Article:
Tidy radiocarbon analysisSource:
stratigraphr includes a framework for working with radiocarbon dates in a tidy data analysis.
There are many existing packages that deal with radiocarbon data in R:
- Data retrieval and cleaning: c14bazAAR
- Calibration and modelling: rcarbon, oxcAAR, RChronoModel, BChron, bacon
- Analysis: rcarbon (summed probability distributions, spatial analysis), ArchaeoPhases (post-processing of Bayesian models)
The idea is not to duplicate these packages, but to provide tools that make it easier to use them together and with other packages in the extended tidyverse.
This vignette introduces some general principles for keeping radiocarbon data and models tidy, and describes how to carry out some common analysis tasks in that framework.
- Keep uncalibrated dates in a tidy, tabular format (e.g. a
data.frame) together with contextual data associated with the sample.
calobjects are a generic representation of calibrated probability distributions that can be nested within tables to maintain their association with contextual data. Functions are provided to convert objects from a variety of other packages to and from the
c14_*functions provide a consistent set of verbs for transforming radiocarbon data that work well with
dplyr-style data manipulation and within functional analysis pipelines.
Tidy radiocarbon data
“Tidy data” (Wickham 2014) is a set of principles for organising datasets in a way that makes it easy to perform data analysis without tedious “data munging” between each step. In brief, tidy datasets are “rectangular” tables where:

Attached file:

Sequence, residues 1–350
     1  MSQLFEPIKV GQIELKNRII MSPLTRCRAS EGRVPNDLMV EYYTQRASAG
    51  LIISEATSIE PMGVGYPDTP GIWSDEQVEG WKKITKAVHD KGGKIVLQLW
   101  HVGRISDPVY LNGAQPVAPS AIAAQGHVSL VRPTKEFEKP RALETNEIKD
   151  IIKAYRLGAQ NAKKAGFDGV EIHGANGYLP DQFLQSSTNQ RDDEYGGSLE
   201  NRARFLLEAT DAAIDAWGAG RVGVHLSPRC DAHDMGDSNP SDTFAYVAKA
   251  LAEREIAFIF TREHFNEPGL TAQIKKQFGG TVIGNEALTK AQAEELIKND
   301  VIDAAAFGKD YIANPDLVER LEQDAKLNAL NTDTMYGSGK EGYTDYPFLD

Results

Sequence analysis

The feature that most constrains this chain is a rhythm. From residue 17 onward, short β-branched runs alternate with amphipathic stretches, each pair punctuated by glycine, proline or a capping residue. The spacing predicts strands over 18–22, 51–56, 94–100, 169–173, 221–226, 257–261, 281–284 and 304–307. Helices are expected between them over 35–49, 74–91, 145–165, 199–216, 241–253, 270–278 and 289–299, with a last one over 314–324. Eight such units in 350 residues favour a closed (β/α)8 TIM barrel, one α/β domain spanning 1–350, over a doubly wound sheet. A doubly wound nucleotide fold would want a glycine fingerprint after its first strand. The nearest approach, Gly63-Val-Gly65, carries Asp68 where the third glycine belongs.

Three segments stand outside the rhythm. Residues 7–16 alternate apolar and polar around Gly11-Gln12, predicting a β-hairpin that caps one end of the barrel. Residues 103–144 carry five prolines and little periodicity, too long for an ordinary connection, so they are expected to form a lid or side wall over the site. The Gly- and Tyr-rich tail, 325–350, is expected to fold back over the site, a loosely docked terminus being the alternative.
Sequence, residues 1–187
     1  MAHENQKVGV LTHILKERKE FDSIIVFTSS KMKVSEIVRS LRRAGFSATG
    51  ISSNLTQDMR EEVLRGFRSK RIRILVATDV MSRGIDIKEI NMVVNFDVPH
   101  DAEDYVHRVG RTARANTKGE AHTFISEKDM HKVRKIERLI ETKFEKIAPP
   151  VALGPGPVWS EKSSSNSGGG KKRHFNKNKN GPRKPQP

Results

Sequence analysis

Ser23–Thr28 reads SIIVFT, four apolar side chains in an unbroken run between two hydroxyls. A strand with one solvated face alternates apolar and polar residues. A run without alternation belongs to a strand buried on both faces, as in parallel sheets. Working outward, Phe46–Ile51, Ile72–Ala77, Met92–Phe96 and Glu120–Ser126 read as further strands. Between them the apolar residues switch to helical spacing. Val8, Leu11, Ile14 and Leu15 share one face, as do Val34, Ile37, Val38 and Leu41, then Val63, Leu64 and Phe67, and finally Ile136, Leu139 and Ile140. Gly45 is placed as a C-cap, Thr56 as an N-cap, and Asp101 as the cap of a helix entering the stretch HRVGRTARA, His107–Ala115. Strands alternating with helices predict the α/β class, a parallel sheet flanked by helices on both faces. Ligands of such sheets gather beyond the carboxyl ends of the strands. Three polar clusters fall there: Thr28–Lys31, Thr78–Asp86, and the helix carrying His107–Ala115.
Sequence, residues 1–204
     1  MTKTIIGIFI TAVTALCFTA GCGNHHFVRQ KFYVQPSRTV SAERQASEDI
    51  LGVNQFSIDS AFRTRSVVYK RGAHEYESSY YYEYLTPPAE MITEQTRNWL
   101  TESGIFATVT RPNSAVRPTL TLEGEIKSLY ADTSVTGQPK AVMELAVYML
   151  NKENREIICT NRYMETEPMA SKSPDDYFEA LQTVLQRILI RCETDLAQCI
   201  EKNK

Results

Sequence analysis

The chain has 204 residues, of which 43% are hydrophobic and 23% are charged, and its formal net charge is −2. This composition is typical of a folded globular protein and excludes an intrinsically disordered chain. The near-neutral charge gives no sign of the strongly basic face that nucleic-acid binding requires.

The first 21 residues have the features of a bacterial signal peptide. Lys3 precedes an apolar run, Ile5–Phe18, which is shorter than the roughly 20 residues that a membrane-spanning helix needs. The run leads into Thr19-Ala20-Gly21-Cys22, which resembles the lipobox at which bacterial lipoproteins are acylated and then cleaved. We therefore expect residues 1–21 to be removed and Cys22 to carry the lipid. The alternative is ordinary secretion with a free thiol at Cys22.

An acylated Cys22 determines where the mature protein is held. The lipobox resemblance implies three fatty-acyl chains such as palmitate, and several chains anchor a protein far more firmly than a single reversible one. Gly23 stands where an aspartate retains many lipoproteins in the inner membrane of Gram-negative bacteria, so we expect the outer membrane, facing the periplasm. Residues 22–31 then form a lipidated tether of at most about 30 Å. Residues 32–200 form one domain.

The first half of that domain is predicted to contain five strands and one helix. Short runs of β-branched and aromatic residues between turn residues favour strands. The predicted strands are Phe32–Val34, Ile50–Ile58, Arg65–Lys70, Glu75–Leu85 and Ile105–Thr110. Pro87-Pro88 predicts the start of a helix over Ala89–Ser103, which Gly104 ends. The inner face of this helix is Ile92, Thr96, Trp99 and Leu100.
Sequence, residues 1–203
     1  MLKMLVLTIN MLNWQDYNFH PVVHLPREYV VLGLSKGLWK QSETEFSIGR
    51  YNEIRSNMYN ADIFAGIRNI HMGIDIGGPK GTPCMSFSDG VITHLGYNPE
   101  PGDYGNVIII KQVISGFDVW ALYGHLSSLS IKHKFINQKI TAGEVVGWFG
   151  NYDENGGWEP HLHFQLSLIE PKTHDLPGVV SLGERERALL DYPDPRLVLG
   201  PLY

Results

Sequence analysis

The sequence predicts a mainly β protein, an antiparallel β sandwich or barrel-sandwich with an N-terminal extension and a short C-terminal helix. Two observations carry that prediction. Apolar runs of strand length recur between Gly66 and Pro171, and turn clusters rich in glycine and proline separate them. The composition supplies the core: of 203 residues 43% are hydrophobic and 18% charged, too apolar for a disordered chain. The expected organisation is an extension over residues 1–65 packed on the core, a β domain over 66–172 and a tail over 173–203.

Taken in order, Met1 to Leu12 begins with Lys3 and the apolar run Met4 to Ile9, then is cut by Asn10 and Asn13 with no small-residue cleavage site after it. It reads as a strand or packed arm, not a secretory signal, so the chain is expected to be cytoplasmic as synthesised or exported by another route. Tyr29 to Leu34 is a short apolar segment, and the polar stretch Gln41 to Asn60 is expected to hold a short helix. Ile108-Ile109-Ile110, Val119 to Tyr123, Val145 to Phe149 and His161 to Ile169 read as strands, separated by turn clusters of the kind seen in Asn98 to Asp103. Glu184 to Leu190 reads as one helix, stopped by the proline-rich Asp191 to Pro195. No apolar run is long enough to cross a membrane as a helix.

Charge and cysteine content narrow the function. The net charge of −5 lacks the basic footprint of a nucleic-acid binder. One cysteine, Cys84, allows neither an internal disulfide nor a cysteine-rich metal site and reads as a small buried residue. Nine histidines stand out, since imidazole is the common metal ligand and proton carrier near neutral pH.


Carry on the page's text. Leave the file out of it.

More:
- Every column is variable.
- Every row is an observation.
- Every cell is a single value.
Conventionally-reported uncalibrated radiocarbon dates (Millard 2014) are readily adapted into this
format. Each row should represent a single sample, with the most
important variables being the laboratory code, conventional radiocarbon
age (CRA), and standard error. Further information about each sample,
from the laboratory or about its context, should be stored in additional
shub1-radiocarbon dataset (Richter et al. 2017), including with this
package, is an example of tidy radiocarbon data in a
data("shub1_radiocarbon") head(shub1_radiocarbon) #> lab_id context phase sample #> 1 RTD-7951 23 Phase 7 Context 126, Sample #465 #> 2 Beta-112146 24 Phase 7 SHUB1/105 #> 3 RTD-7317 26 Phase 7 Context 83, Sample #392 #> 4 RTD-7318 27 Phase 7 Context 86, Sample #399 #> 5 RTD-7948 24 Phase 7 Context 120, Sample #455 #> 6 RTD-7947 22 Phase 6 Context 166, K25.14, Sample #430 #> material cra error outlier #> 1 Bolboschoenus sp. (tuber) 12166 55 FALSE #> 2 gazelle dung (?) 12310 60 FALSE #> 3 Bolboschoenus sp. (tuber) 12289 46 FALSE #> 4 Zilla sp. (wood charcoal) 12332 46 FALSE #> 5 Bolboschoenus sp. (tuber) 12478 38 FALSE #> 6 Bolboschoenus sp. (tuber) 12322 38 FALSE
Radiocarbon data from other sources might require some cleaning to get it into this format. tidyr is a useful package for this (see shub1_radiocarbon.R for an example of how tidyr was used to clean the Shubayqa 1 dataset). Or if you are working with dates aggregated from multiple sources, c14bazAAR package provides many useful tools for automatically querying published databases and cleaning the results.
For this vignette, we will stick with the shub1 dataset.
The first step in any analysis of radiocarbon data is likely to be
dplyr’s grammar, calibration is a
mutation of the original (uncalibrated) data; it creates a new
variable (the calibrated probability distribution) for each observation
based on a transformation based on some of the original variables
error) and a number of other, fixed
parameters (e.g. the calibration curve). Performing calibration with
dplyr::mutate() is useful because it allows us to keep the
result of this transformation together with the input data and
associated contextual information.
c14_calibrate() is a wrapper for
rcarbon::calibrate() that can be used within